Since the early 1960's, Dan Hicks has been creating his interesting hybrid of folk, jazz, country and pop. Hitting his stride with 1971's Where's the Money?, the singer-songwriter formed the first version of Dan Hicks and the Hot Licks. The unique, drummer-less five-piece quickly found a niche market based on Hick's humorously sly songwriting and deft arrangements.
Hicks' current version of the Hot Licks still performs an amazing amount of shows each year and still specializes in blending an array of musical styles. Speaking from his home in California ahead of a visit to Dallas' Kessler Theater this Friday, Hicks talked with DC9 at Night about his long career in music and how if he wasn't singing, he'd be a sports announcer.
DC9 at Night: Have you had good experiences in Dallas over the years?
Hicks: I've had some great experiences in Dallas. I know that I am playing the Kessler and I know that I've played there before in the recent past. I don't remember the place per se because it's one of many gigs. Once I get there, I remember it. We usually have good shows and good turn outs when we come there.
With music like yours, is it important to have a good sounding venue?
I think so, especially because it is all acoustic. It does depend on the sound system. It's not loud, so you can't beat it out of the people. You have to finesse them. Yes, it's important for us. The better the sound, the better we play. It gives us the freedom to swing it.
What size of a band are you bringing with you on this tour?
There are five of us all together. We have the two lady singers, a guy that plays violin and mandolin, a lead guitarist and me on rhythm guitar.
Are you using the Hot Licks moniker?
Oh yes, it's the Hot Licks. I've been doing it this way since 1999. That's when I started using the name again.
Why use the name again? In 1974, you claimed to be sick of it.
Even though I said that I didn't want to be a band leader anymore, I ended up still being a band leader anyway with different people. I used mostly male singers as opposed to females. I used different names like the Acoustic Warriors. In 2000, I met this guy named Dave Kaplan who owned a record label and was a fan of the Hot Licks since he was 12. He wanted me to get the girls to sing again. Well, he wanted female singers, not the ones I used before. He wanted me to use the name again because he thought it was a magical name.
Didn't you receive your degree in broadcasting?
That was 1965. I was in the broadcasting department at San Francisco University and I just kept going. I had some tenacity and I kept taking courses. I got my BA degree. The week I got my degree, I went off with a band. I was playing the drums. I never really got into the radio and television field per se. I've worked in both, done ads and made appearances. Somehow I fell into the music thing and kept going. Music was my true calling.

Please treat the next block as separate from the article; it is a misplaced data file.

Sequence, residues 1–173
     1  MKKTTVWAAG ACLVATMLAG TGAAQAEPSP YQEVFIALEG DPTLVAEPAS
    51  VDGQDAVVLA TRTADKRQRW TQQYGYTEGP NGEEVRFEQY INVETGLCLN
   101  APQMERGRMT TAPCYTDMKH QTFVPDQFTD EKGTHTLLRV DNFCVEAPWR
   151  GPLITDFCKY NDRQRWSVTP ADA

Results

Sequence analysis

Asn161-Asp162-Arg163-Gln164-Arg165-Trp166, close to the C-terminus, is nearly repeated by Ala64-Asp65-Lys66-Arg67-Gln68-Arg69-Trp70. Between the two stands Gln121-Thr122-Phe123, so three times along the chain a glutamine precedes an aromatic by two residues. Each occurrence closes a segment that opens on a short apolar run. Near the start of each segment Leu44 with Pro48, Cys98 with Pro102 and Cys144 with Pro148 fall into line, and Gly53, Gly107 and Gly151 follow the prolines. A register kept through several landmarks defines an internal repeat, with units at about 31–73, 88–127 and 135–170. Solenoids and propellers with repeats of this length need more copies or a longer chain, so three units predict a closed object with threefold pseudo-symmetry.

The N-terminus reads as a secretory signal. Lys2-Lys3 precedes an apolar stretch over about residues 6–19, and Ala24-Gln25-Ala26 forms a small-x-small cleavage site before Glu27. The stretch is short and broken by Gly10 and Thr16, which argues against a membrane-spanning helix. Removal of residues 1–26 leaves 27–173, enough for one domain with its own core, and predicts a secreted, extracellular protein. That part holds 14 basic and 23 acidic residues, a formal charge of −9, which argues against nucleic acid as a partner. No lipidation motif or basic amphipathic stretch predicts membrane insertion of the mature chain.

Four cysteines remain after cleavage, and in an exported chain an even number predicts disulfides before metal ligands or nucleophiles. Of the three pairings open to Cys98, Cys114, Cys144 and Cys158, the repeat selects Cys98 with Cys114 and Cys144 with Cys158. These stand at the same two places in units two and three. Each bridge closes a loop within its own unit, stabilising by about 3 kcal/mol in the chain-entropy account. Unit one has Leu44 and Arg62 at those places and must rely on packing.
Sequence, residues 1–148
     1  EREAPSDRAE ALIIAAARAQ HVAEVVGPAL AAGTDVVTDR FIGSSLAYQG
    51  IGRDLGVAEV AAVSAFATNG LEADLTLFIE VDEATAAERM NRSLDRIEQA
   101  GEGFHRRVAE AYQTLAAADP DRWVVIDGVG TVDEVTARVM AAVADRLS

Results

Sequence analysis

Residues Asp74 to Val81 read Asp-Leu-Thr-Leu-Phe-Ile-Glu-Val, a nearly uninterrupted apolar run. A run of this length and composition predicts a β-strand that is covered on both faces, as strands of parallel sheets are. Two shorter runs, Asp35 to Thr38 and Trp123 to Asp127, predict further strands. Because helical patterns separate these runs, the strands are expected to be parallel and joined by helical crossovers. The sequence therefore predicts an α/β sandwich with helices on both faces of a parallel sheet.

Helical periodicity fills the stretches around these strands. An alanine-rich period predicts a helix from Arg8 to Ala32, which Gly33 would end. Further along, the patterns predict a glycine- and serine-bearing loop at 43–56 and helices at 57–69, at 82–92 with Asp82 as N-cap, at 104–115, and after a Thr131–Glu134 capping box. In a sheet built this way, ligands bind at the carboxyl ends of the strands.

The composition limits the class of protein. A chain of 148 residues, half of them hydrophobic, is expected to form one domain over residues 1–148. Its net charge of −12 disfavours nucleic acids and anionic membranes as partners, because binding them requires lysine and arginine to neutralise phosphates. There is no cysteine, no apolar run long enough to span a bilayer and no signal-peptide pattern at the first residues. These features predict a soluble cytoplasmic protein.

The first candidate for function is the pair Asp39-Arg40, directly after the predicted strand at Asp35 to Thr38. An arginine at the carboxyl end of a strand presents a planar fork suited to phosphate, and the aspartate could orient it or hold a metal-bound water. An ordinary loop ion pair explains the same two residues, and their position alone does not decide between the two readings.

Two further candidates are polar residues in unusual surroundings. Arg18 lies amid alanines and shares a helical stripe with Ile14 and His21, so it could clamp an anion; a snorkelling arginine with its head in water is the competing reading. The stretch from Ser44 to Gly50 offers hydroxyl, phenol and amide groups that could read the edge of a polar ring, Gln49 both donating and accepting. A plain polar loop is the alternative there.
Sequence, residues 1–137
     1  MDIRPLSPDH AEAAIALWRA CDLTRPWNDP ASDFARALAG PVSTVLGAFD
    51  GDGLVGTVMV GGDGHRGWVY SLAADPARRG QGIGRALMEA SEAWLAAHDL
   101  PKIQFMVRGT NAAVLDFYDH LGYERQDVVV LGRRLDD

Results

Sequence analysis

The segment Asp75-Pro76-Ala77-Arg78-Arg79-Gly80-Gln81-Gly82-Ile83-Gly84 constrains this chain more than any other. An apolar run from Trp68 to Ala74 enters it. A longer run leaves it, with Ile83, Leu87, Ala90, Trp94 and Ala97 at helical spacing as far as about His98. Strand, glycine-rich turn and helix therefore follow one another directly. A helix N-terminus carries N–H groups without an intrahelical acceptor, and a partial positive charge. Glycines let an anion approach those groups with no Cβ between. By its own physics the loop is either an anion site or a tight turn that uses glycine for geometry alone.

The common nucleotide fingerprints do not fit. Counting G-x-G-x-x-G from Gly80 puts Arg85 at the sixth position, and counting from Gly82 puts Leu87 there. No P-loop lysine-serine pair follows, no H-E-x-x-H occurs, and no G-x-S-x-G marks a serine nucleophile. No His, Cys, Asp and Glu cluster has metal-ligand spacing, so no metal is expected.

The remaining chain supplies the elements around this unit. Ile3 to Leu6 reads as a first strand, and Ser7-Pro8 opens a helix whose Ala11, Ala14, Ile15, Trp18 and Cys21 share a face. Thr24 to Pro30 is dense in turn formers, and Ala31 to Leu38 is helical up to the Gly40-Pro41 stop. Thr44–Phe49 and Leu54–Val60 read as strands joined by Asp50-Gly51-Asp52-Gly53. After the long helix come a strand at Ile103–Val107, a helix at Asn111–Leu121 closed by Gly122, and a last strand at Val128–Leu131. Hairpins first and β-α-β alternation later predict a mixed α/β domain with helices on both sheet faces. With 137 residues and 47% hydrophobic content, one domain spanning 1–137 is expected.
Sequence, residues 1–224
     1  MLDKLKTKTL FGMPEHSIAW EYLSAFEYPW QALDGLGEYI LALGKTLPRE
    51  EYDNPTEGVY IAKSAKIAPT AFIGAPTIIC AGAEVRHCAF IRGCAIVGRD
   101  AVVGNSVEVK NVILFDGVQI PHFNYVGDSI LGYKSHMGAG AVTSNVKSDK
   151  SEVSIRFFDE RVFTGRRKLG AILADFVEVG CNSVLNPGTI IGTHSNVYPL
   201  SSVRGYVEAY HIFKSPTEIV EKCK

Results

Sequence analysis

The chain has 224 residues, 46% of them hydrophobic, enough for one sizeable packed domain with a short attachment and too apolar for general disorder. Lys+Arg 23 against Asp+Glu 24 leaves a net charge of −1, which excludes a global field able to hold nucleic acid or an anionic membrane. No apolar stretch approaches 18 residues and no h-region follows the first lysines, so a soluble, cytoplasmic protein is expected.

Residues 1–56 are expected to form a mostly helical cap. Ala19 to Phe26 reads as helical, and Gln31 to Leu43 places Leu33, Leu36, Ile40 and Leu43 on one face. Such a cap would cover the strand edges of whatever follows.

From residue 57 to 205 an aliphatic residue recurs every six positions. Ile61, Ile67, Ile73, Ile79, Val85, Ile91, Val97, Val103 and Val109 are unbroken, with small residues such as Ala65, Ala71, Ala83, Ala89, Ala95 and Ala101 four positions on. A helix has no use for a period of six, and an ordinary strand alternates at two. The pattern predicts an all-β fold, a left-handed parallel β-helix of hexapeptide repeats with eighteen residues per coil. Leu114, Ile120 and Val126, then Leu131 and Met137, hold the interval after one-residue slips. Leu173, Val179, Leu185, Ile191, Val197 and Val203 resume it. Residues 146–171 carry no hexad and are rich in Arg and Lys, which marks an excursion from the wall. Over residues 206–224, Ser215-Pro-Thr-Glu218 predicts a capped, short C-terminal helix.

If music didn't work out for you, would you have gone into broadcasting?
I probably would have found something. I would have had to improve my announcing skills. I was interested in broadcasting since I was in junior high. I was in the radio guild in high school. I did some shows on a local station. I was definitely interested in that stuff.
You mentioned that you started out as a drummer. Why switch to guitar?
I started on the drums when I was about 11. [Then] one of my friends in college started playing guitar. It was folk music. That kind of inspired me. I kind of liked to sing, but I didn't consider myself a singer. I had played ukulele, but nothing too involved. But I finally got a guitar when I was 19. I taught myself chords and started really getting into folk music. I had two loves: jazz and folk music. I started combining the two and that's how I got the Hot Licks sound.
Many consider your work in the late '60s and early '70s to be your pinnacle. Do you agree?
I think it really started happening when I moved from Epic Records to Blue Thumb. Those guys were more independent. It was all based around Mill Valley. We did the album Where's the Money? in 1971 and I think that's when things started rolling. Nothing had really happened before then. The band hadn't traveled anywhere and was in a state of flux. I finally settled on some people and we went out and did a five-week tour.
How have you been successful integrating so many seemingly disparate styles into one sound?
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It's sort of just what comes out. I have good people play with me. It's not exactly intentional. I try to make some songs sound folky and some have more of a swing thing. To me, it's just what I come up with.
In 2000, you released Beatin' the Heat, an album that featured Elvis Costello, Bette Midler, Rickie Lee Jones and Tom Waits.
I had never done duets before. I met this guy at another label, Surf Dog. We got a new band together and went into a studio in L.A. I had not collaborated before nor had guest vocalists. It was always just me and my band. We decided that it might get some attention to have guest vocalists. I took the songs that I had already and I adapted them into duets. I figured that I could do that. I made a list of people I thought were in a mutual admiration society. Most of the people, I found their phone numbers and called them. Tom Waits said he didn't want to miss out on something like this. That was a pretty good compliment.